The Art of Innovation – Guy Kawasaki at Gartner Barcelona
1) Make Meaning… not money
Make the world a better place. When you are building something ask yourself “is this making the world a better place?”
2) Make Mantra
Most people come up with a Mission Statement. Most mission statements are developed through the following process.
- 50 senior employees have an off site week. This is usually run out of a hotel with a golf course
- The company will bring in an external consultant. Most often a woman. Most often wearing all black and a turtle neck. Most often she will also have a dual career and moonlight as a lemans coach because getting a mission statement is similar to delivering a baby.
- Cross functional team building. Fall into each others arms and sing Kumbaya.
- Once this has happened for 2 days everyone is pissed off that their time has been wasted so they want at least one word in the missions statement. This is why Mission statements are super long and bullshit.
Don’t have a mission statement, have a mantra.
- FedEx: Peach of Mind
- Nike: Authentic Athletic Performance
Explain your goal in 3 words.
3) Jump to the next curve
In the beginning there were ice farmers. Ice farmers would go to frozen lakes and rivers and cut lines in the ice and farm the ice. This is 1.0.
Next came centralised ice factories. These were huge buildings filled with giant freezers. The freezers would produce the ice and they would have vans that would go out and deliver the ice to people who needed it. This is 2.0.
Lastly came the fridge. This is your own personal ice factory. This is 3.0.
The Ice Farmers never jumped to become Ice Factories. The owners of Ice Factories never jumped to build Fridges.
You must be able to jump to the next curve.
You should always define yourself by what you provide, not what you do. These examples were all about providing a clean and cold environment, not about the farming or the factories or the machine.
- Uber: Transport
- AirBnB: Hotels
- TaskRabbit: Errands
4) Roll the Dice
You need to be able to stand out from the crowd. The chances are there’s going to be other people competing in your area. You need to roll the dice.
For that you need to focus on 5 things
- Depth: Reef came out with a thong with a beer bottle attached in the sole. This doubled its usefulness.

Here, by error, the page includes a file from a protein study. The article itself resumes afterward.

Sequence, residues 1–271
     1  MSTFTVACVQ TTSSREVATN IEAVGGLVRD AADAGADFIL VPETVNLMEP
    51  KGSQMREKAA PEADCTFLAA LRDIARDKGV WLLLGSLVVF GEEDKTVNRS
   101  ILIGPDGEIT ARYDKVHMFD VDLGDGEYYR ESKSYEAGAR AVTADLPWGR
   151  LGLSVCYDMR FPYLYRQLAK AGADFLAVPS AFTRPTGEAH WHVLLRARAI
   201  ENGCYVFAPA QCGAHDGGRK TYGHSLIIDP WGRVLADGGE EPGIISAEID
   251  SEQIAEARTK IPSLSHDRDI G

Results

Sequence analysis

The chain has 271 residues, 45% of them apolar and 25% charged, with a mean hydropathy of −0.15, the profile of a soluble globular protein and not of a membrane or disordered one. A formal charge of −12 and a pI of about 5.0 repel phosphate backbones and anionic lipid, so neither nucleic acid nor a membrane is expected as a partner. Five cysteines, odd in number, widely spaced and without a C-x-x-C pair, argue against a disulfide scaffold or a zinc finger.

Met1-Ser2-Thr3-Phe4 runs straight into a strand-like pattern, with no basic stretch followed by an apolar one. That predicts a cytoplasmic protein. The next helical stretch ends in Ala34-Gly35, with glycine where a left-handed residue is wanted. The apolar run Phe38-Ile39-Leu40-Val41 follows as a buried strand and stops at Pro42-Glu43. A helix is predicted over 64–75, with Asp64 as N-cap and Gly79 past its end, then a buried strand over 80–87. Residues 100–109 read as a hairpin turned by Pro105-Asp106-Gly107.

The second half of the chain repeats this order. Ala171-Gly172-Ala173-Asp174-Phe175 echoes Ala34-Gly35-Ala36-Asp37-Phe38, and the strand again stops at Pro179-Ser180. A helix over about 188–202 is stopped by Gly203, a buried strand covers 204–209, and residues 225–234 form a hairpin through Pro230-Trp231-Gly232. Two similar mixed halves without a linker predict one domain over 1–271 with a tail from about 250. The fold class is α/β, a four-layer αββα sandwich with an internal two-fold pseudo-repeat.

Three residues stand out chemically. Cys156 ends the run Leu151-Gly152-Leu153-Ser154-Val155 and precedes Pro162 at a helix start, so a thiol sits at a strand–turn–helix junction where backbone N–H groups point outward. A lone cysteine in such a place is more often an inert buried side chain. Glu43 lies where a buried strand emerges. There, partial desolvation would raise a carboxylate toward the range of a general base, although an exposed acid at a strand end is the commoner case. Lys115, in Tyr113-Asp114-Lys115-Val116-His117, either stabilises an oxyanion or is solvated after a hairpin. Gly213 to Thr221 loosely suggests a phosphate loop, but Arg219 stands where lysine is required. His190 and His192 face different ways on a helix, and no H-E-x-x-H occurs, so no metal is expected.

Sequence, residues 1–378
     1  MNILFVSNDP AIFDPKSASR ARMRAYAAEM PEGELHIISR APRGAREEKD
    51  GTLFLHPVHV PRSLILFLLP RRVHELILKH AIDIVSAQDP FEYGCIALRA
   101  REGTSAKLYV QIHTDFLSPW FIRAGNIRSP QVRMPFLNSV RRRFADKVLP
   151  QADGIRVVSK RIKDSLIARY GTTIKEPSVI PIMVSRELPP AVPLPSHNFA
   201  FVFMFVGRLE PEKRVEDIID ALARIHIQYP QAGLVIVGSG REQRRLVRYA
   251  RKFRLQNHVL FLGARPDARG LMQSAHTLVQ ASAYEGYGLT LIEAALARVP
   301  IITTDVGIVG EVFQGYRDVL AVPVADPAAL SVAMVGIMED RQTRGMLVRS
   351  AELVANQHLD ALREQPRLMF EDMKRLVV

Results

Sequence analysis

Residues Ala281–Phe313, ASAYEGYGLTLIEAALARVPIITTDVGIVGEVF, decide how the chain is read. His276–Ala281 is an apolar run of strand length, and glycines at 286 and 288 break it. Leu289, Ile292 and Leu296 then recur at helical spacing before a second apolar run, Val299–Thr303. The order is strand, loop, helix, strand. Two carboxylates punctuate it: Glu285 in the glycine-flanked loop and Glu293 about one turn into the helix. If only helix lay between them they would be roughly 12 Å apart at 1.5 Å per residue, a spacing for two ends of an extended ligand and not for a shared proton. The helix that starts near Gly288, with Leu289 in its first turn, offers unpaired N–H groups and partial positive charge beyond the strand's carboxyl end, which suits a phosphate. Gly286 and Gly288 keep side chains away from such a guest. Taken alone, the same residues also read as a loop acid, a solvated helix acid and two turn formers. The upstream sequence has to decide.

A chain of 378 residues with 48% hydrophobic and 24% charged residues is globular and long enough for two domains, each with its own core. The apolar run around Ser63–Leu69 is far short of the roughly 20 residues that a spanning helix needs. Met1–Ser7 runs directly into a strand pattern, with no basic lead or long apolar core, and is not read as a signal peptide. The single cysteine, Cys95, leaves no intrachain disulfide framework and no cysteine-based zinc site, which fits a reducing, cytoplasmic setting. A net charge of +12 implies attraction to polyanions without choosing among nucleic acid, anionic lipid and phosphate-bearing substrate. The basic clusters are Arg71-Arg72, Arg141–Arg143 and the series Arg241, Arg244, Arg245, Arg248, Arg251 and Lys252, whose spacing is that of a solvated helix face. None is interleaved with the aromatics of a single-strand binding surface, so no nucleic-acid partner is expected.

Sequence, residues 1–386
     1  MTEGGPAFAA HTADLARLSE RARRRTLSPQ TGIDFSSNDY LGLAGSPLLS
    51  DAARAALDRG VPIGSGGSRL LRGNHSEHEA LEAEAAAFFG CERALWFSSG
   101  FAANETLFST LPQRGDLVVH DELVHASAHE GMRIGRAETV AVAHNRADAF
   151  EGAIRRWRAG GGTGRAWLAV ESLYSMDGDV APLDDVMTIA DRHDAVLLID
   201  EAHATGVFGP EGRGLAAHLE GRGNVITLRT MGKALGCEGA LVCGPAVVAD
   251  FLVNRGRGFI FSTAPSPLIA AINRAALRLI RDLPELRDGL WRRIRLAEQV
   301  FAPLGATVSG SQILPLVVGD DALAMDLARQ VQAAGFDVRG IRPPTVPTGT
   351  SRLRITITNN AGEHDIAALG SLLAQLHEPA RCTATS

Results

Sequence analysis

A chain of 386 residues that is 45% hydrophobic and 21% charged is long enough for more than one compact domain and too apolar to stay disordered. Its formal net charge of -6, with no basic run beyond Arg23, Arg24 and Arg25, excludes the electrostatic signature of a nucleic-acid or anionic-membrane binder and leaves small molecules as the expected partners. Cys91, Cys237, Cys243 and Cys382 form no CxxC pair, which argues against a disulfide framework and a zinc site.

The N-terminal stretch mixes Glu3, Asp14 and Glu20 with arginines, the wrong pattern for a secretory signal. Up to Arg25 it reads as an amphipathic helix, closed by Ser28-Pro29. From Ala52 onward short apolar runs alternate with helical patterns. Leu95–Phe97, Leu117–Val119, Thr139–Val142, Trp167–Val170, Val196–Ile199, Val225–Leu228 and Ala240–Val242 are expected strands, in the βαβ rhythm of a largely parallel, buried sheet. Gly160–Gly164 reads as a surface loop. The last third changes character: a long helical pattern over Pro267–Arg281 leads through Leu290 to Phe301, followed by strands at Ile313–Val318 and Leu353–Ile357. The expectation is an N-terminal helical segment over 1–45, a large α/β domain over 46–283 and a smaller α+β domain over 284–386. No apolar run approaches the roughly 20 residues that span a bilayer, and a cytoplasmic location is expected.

- Intelligence: MyKey from Ford allows the owner of the car to program the key and set a maximum speed of the car. Intelligence.
- Complete: If you’re building a service then provide it entirely. Produce documentation, API’s, Video training, Webinars.
- Empowering: The product should make you feel like you can accomplish more. The Dell is just shit. It competes on price. The Apple Air makes you feel empowered, like you can do anything.
- Elegant: Herman Miller changed the face of chairs through a beautiful elegant design.
5) Don’t worry, be crappy.
Ship your product even though it has some shitty bits. That doesn’t mean ship a shitty product, it means it doesn’t have to do everything before you ship 1.0.
By being first to launch you gain all the benefits because there’s nothing else out there that can compete with you.
6) Let 100 flowers blossom
If people want to use your product in a different way, go with it and reproach the market in a new way.
A skin care product called “Skinbesoft” was released. It was a luxury product that was targeted at middle aged women to help keen their skin looking young and soft. The product sold well with their target market, however it wasn’t because it kept their skin soft. Instead the mothers found that it was an excellent insect repellent and wasn’t as harsh as DDT on the skin of their children.
This was the point at which they should have kept the product but changed their approach and marketed it in a different way.
Let your product blossom where ever it can.
7) Polarize People
Great products polarise people. Great products create emotion, emotions can cause polarity.
This of the Mac vs Windows, the iOS vs Android. The iPhone and Samsung S4. These consumers are polarised and LOVE their product. Great products polarise people.